Especially meaningful change, which is the change that is, well, most meaningful, thus most important. Insight into the brain/mind is essential to understand why.
We are not some software in some hardware.
I hope this is obvious to you. The reason is that we are complex organisms. [see: “You Are an Organism, Not a Mechanism.“]
As software, we could be re-programmed – neuro-linguistically or otherwise – but, as said, we’re not. That makes our matters more difficult and interesting ― including when we want to change.
This is an issue in psychotherapy, for instance, and in organizational change management.
Meaningful change is not a simple happening.
It starts with the change itself.
[see: “Mental Change: How it Works“] The brain/mind is an evolutionary instrument to reach higher flexibility in a changing environment. Change is the goal.
But ‘resistance’ to change is also a goal. If we changed too quickly, we would be incapable of adapting in the long term. We would change again and again at any single event. Our brain/mind needs to recognize events as beings ones of the same class, needing the same response. For that, we need some degree of robustness in our thinking. Not being indiscriminately changeable is a strategy towards this. To a certain degree, the difficulty to change is on purpose. [see: “Is Change Difficult?“]
Also, this difficulty comes naturally at the brain level. Within the hugely complicated conglomerate of neuronal patterns that our brain consists of, any individually changed pattern finds itself between colleagues that are rather suspicious of the new situation. Moreover, they are very much mutually intertwined with many other patterns that are also intertwined.
Therefore, the way one changes is as important as the change itself.
Many of the relevant brain/mind patterns are non-consciously performing their complex influences. This makes them less directly accessible through conscious means. In therapy, the consequence is that a merely instrumental way is less efficient.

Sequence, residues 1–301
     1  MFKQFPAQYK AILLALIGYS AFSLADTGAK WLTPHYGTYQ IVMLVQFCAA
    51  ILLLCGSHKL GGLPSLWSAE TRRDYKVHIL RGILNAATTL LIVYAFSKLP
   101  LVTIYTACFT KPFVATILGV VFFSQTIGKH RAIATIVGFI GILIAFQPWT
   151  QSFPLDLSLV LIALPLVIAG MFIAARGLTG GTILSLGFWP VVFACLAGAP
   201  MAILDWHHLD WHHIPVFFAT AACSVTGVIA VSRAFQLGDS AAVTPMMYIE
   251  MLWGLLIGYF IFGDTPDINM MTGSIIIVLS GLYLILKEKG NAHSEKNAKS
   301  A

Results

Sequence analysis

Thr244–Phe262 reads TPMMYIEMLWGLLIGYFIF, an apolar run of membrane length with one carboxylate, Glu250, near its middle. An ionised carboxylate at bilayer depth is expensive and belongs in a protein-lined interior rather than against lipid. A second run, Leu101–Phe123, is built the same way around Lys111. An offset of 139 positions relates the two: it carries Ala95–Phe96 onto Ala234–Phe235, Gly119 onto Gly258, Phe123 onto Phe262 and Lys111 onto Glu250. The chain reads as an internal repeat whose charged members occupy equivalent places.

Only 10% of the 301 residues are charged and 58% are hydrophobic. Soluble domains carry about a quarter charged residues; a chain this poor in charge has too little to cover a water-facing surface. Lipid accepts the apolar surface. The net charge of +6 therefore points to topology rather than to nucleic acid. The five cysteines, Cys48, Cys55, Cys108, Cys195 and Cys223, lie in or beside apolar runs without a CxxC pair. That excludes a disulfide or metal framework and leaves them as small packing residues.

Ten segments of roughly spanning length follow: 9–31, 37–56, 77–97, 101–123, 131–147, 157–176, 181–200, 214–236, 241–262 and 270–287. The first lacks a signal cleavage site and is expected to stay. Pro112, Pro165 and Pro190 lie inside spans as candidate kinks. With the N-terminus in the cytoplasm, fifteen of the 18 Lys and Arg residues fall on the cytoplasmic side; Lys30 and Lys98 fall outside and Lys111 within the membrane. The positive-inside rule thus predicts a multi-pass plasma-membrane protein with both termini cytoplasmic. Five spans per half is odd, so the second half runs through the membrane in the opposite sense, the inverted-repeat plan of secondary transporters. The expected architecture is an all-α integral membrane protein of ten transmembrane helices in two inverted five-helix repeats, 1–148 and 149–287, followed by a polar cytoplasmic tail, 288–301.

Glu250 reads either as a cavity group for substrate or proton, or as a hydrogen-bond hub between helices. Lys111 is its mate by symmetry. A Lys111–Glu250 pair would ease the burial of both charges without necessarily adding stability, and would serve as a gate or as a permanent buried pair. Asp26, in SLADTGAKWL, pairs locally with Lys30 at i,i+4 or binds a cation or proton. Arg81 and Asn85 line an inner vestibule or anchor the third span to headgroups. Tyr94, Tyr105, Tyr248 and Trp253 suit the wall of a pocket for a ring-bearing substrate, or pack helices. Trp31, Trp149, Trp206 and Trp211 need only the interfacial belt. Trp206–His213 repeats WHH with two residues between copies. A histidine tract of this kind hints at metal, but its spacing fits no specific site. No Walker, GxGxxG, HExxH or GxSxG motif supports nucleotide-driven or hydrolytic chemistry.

Autosuggestion is about reaching non-conscious mental patterns indirectly ― yet as efficiently as possible. [see: “Mental Patterns Change through Autosuggestion“]
Even so, the real change-from-inside is to be seen as a process. In many cases, there is a lot to do underground before the seed pops up. Germinating is a complex process. This complexity is generally underestimated.
It continues after the ‘change.’
A person may feel changed, look changed, acknowledge being changed. Yet after a short or longer while, he may slide back as if nothing happened. You may have witnessed this at yourself or someone else.
This is because change continues being a process after what may be regarded as the ‘moment it happened.’
In two pictures
Most frequently, and meaningfully, it happens like this:
and not like this:
Although it may sometimes look like the second, at the level of non-conscious patterns, the real change may still have been taking a while in preparation and continues for a time longer. In neurocognitive science experiments, this can be tracked gradually more and visualized in, for instance, fMRI. We can see it happen in the short term (several seconds).
Almost certainly, it also consistently happens in the longer term. Conscious awareness may be quite misleading in this.
We see S-curves in almost anything human-related, including change. We should respect this.
Also, it is much more efficient.